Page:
Even in wildlife reserves where millions are spent to shield fragile ecosystems, the shockwaves are being felt all the same. In Australia's two largest protected areas, Kakadu National Park and the Great Barrier Reef, biodiversity has been in steep decline, with some organisms suffering losses of up to 95 percent.
With 1,500 species under threat, money and manpower devoted to their conservation are stretched so thin as to be virtually feckless. Reallocating those resources toward specific species and ecosystems, experts suggest, may be the only way of saving them -- even if that mean effectively marking the rest for death.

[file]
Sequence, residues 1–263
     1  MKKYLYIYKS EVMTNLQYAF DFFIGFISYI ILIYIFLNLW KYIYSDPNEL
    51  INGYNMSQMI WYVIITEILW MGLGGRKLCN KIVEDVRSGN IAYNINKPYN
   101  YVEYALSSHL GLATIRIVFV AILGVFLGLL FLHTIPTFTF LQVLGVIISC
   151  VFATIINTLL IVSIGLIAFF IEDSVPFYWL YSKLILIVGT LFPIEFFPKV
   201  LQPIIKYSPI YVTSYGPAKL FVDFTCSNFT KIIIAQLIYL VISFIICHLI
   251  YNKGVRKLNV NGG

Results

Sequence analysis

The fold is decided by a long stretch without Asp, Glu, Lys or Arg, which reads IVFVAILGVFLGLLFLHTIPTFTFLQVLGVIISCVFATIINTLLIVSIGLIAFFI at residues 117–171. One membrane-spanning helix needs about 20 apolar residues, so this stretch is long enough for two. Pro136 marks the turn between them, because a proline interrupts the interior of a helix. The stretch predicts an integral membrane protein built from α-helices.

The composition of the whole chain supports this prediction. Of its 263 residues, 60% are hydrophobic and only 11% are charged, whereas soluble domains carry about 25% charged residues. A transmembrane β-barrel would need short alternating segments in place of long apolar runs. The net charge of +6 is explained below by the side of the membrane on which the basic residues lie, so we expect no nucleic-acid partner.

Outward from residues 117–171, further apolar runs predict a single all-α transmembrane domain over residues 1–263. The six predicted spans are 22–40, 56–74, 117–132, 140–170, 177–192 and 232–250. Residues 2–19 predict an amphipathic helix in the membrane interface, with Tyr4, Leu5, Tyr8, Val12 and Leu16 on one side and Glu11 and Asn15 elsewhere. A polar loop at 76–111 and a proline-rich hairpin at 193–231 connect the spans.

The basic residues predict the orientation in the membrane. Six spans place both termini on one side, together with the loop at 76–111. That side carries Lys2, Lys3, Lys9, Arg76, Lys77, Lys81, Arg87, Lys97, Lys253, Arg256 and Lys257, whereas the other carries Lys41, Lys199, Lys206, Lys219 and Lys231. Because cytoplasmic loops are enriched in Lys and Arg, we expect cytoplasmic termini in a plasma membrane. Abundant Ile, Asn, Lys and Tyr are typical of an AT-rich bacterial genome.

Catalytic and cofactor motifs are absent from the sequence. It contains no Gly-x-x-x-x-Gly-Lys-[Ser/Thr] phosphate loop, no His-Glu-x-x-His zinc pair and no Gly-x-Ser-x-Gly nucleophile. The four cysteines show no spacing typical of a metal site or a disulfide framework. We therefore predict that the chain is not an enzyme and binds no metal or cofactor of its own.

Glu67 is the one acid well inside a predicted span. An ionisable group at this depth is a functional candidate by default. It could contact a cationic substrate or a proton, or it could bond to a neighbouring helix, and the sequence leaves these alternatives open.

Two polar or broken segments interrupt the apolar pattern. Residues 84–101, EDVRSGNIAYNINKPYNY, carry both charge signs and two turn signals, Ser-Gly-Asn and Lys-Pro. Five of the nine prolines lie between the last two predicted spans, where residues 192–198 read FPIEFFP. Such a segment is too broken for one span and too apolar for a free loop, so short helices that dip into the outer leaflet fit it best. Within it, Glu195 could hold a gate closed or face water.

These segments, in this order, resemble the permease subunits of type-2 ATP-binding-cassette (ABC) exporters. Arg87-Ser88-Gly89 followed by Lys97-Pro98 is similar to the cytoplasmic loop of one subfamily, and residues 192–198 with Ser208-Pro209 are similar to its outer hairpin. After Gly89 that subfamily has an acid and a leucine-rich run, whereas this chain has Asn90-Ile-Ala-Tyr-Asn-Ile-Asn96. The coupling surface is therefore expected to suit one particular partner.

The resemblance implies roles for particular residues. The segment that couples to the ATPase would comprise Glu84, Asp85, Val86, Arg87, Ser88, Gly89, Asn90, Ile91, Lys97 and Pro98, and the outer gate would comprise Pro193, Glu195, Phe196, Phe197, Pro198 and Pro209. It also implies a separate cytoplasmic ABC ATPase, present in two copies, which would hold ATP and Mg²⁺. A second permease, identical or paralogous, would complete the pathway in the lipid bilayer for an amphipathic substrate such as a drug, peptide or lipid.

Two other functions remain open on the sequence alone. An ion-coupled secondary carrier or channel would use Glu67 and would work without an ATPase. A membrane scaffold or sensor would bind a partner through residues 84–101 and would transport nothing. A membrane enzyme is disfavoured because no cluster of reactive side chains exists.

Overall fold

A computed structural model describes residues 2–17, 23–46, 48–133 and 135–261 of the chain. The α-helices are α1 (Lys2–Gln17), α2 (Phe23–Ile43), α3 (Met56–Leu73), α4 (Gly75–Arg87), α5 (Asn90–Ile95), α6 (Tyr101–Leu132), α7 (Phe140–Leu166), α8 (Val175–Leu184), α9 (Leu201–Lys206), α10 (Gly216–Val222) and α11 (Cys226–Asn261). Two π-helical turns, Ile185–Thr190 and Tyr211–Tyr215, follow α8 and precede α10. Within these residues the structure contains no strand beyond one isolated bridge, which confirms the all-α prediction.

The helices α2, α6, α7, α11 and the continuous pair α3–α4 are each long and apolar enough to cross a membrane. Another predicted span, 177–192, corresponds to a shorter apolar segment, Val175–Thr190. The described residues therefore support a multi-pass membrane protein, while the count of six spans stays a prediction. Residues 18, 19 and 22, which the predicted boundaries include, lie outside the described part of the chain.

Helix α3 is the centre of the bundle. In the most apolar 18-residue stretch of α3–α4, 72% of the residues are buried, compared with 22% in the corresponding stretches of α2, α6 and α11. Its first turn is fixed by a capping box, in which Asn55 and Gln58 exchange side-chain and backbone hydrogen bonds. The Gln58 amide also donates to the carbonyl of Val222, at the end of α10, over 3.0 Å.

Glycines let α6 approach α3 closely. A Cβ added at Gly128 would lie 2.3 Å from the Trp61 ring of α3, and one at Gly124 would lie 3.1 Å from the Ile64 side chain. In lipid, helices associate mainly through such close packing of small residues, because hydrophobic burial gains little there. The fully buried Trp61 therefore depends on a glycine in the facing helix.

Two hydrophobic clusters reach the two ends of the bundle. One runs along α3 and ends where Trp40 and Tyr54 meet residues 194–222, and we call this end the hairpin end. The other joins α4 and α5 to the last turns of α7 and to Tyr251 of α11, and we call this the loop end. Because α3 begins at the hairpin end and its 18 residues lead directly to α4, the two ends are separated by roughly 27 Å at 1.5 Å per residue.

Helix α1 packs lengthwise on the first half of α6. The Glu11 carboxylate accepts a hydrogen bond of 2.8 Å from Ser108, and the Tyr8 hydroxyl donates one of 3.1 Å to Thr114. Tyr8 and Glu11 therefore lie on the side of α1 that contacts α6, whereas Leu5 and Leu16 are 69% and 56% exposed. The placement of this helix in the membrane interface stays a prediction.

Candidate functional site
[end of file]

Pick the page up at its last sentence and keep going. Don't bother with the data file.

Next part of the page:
But choosing which species live and which are allowed to go extinct requires accepting that the very existence of some organisms is more important than others.
"If you put in one corner a rare butterfly and in another corner a Tasmanian devil, I have to say as a conservation biologist, that the Tasmanian devil is more important -- it's a top predator, it's at the end of an evolutionary lineage, it's charismatic, it's a mammal (and) we can't afford to lose such a thing," says Bowman.